At times, the solution to our unhappiness is just a matter of reworking our position and learning to deal with the choices that are offered to us.

Some people, for example, complain about how their jobs are killing them, and yet there are many more Filipinos who have had to go into debt and leave their families behind just so they can go abroad and earn a decent wage. So please, don’t talk to me about how unhappy you are at work.

Perhaps, in my case, it is much easier to “live well.” I don’t have children to nurture and work my ass off for so I can enroll them in the best schools. I don’t need to buy the next new Prada bag in the market, ahem. My needs are much simpler. I only need to eat three meals a day, have a steady roof over my head and get enough exercise to keep my blood pressure and blood sugar down. So I’m not killing myself at work like I used to, and I am perhaps now saner than my other editor friends.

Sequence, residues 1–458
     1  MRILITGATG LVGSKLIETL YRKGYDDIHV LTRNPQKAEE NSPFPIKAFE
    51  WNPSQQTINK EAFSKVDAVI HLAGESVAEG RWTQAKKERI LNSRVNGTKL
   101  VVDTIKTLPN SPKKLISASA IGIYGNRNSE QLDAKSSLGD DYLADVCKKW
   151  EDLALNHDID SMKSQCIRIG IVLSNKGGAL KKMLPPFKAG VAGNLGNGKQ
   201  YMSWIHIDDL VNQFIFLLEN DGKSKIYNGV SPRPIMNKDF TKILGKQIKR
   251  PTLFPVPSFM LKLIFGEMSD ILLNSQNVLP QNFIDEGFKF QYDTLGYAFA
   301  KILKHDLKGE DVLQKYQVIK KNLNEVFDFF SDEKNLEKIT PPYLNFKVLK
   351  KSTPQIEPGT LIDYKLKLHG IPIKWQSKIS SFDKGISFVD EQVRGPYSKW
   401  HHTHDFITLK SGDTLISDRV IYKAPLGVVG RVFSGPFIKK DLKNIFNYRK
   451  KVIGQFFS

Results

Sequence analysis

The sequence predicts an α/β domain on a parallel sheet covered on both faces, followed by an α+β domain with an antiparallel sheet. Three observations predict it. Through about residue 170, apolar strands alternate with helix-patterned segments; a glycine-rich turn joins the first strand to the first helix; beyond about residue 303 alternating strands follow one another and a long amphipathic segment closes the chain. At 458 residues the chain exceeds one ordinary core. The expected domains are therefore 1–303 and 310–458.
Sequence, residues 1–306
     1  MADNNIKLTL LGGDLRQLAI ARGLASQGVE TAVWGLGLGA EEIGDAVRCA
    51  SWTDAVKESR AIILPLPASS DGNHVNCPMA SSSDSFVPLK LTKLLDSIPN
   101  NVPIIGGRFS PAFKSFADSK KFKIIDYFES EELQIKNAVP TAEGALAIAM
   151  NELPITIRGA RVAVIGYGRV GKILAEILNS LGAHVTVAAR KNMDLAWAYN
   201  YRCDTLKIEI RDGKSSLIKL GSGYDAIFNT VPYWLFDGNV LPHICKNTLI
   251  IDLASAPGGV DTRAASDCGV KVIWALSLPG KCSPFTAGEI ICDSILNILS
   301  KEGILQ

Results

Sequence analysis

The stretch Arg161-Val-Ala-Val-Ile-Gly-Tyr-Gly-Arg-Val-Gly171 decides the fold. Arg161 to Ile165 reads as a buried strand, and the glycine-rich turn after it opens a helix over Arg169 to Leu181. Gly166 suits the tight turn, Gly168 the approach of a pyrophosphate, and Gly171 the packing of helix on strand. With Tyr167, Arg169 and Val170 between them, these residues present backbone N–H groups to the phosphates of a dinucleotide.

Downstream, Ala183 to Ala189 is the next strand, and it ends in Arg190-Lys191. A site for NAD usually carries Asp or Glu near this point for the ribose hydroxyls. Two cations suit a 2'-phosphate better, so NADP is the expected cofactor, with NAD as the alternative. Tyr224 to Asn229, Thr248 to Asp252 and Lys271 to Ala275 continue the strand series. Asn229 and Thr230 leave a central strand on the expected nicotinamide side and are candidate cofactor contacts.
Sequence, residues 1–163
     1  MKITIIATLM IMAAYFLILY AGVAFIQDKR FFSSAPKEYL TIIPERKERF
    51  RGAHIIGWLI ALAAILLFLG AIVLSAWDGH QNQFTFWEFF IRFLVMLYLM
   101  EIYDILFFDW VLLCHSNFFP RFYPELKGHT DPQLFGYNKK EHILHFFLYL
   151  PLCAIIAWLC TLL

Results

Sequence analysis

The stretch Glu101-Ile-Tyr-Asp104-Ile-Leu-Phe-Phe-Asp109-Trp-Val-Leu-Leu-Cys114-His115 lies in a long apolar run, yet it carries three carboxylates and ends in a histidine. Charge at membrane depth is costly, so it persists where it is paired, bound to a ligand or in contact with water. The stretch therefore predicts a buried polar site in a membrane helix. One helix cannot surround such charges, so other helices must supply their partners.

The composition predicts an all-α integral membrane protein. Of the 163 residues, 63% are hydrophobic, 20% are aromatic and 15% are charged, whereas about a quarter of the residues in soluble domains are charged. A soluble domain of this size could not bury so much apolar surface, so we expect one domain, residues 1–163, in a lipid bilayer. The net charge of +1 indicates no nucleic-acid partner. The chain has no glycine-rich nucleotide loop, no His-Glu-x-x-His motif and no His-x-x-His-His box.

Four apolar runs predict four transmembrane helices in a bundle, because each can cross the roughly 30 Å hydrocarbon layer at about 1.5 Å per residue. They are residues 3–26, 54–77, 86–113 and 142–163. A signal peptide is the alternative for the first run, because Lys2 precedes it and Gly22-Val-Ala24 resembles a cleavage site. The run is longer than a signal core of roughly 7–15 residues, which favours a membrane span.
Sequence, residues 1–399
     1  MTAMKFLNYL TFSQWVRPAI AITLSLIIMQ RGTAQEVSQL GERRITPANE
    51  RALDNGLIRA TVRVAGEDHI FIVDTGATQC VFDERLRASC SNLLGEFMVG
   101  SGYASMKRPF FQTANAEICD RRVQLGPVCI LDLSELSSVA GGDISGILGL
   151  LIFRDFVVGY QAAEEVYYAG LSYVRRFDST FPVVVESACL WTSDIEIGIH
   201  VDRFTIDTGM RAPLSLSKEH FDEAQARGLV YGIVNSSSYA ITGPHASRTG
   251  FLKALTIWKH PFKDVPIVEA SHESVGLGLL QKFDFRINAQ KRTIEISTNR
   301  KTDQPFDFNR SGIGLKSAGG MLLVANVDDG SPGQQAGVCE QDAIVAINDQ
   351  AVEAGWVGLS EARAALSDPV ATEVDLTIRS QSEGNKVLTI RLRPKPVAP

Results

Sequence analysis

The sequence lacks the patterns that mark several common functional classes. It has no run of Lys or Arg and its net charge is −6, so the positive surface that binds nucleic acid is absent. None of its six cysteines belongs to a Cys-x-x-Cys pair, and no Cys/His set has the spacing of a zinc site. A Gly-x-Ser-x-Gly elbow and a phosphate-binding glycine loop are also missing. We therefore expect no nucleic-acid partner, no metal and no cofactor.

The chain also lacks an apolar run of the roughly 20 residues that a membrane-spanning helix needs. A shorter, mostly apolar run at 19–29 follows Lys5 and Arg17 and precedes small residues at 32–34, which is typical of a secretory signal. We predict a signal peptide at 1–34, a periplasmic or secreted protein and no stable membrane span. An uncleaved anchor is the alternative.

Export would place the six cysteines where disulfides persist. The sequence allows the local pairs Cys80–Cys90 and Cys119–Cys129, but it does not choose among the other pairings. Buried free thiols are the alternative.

At work, I am basically my own boss. I work when I want to, and stop when I need to. As long as I get paid adequately for the work I do and see my name in print, I am happy. Everything else that comes my way is pretty much a bonus.

For some other people, their needs are greater and they will have to deal with so many more extenuating circumstances or people before they are able to pursue what they want in life. But I remember this quote from a book I read a long time ago (I forgot the title): “Argue for your limitations and, sure enough, they are yours.”

That pretty much sums up what I’ve been trying to say. Do what you must to make yourself happy. Go for that dream you’ve been wanting to pursue. Life is too short to blame others for the situation you are in. There is no one responsible for yourself but you.

(My column, Something Like Life, is published every Friday in the Life section of the BusinessMirror.)